By Seema Shah, Strategist, Principal Global Fixed Income
In the weeks before and after the Brexit vote, economists and European Union (EU) sceptics alike warned about the imminent catastrophe to the UK in the event of a Leave vote.
Many people could be forgiven for thinking it was all just scaremongering. After all, contrary to the Britain Stronger in Europe campaign's concerns about the future of English football if Britain left the EU, Manchester United (UK) still managed to sign the world's most arguably in-demand midfield talent, Paul Pogba (French), from Italy's (EU member) Juventus. The latest economic data doesn't look too bad either. UK CPI inflation is a touch stronger than expected, the labour market report showed the July claimant count data were very robust, and total retail sales actually strengthened in July. The UK FTSE100 is above pre-Brexit levels, while bond yields are significantly lower.
Don't be lulled into a false sense of security, it's still early days.
While the "hard" economic data may show little sign of slowing, surveys - which tend to be leading indicators - paint a very different picture. For example, the purchasing managers' indices (PMI) for manufacturing, services, and construction fell between June and July to their lowest values since the 2009 global financial crisis. While they have remained above recessionary levels, there is significant scope for further downward moves. Put simply, it seems that the likely downturn in real activity just hasn't yet shown up in the "hard" data due to reporting lags.
Financial markets have been strongly supported by the Bank of England's decision in August to cut policy rates by 25 basis points, boost its quantitative easing scheme, and introduce their new Term Funding Scheme, which is designed to provide cheap financing to lenders. A likely extension to the European Central Bank's quantitative easing programme is also contributing to the feel-good factor. But the impact of any further, and arguably necessary, monetary easing is likely to be limited from here.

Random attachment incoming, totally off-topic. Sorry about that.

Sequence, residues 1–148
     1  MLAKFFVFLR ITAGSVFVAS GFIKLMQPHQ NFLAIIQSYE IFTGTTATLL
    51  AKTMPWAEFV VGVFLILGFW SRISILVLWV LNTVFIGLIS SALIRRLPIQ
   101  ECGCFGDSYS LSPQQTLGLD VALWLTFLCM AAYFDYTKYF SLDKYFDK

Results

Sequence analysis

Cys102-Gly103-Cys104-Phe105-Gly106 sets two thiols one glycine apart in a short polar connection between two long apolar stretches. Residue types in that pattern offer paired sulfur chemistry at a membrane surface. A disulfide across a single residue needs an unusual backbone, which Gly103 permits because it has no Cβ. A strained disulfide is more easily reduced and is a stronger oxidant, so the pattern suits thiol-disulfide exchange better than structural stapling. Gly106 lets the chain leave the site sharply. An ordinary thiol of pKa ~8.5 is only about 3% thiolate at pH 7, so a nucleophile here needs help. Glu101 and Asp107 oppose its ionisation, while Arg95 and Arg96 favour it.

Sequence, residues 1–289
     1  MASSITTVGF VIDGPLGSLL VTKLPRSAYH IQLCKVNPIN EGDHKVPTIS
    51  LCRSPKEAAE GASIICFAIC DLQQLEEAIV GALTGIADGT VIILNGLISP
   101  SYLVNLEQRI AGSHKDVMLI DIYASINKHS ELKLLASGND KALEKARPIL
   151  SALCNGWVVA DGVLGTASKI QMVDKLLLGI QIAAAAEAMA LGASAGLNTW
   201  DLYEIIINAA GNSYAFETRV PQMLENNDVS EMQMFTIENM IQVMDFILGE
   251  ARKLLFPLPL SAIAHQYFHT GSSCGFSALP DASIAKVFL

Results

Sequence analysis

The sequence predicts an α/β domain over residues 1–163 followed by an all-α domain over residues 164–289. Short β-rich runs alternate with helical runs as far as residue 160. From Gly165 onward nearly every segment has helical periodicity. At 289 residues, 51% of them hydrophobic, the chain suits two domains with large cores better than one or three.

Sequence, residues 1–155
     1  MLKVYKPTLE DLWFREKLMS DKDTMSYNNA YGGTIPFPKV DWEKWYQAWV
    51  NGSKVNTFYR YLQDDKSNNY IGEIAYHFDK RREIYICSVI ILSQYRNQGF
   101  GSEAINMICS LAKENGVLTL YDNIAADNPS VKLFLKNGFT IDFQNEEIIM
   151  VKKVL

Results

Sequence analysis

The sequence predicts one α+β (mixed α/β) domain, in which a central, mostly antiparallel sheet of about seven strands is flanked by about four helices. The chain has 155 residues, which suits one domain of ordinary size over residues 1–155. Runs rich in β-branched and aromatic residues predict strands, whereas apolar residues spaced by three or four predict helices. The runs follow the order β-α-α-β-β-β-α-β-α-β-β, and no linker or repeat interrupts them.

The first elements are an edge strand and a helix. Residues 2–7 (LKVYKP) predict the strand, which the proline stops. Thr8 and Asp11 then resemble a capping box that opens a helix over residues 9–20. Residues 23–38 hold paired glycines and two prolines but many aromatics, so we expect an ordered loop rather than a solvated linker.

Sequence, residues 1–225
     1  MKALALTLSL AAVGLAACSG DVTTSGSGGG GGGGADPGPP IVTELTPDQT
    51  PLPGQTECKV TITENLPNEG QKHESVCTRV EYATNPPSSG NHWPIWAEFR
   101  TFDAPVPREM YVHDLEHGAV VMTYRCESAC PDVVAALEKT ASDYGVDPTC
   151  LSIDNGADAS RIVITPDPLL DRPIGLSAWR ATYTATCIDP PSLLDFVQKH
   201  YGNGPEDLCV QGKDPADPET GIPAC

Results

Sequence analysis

But perhaps the key reason why things seem so positive is that Article 50 is yet to be triggered and, moreover, it's the summer recess in Europe! With European political leaders enjoying their few weeks of sunny respite, developments (and certainly media comments) about the Brexit process have been far and few between - a case of out of sight, out of mind.
"Brexit means Brexit."
Those long summer nights will soon draw to a close and negotiations will recommence. The coming weeks should see a pick-up in Brexit-related news flow: Parliament in the UK is due to reconvene on 5 September; an informal summit of EU leaders on the post-Brexit future of the EU will be held on 16 September and will, importantly, exclude the UK; and, the UK Conservative party conference takes place 2-5 October and is likely to be fertile ground for Brexit-related vision making.
The first step is of course to trigger Article 50 and at the moment, all bets are on the first half of next year. Once formal notification has been submitted, the process for negotiating the UK's exit from the EU will commence. The UK's future relationship with the EU will be unfathomably complex, thus discussions will be fraught with disagreements, likely involving considerable "horse-trading," and will be drawn out - Phillip Hammond, the UK's newly appointed Chancellor of Exchequer, has recently said that Brexit could take up to six years. And we know how much markets like uncertainty.
Enjoy the sun while it lasts.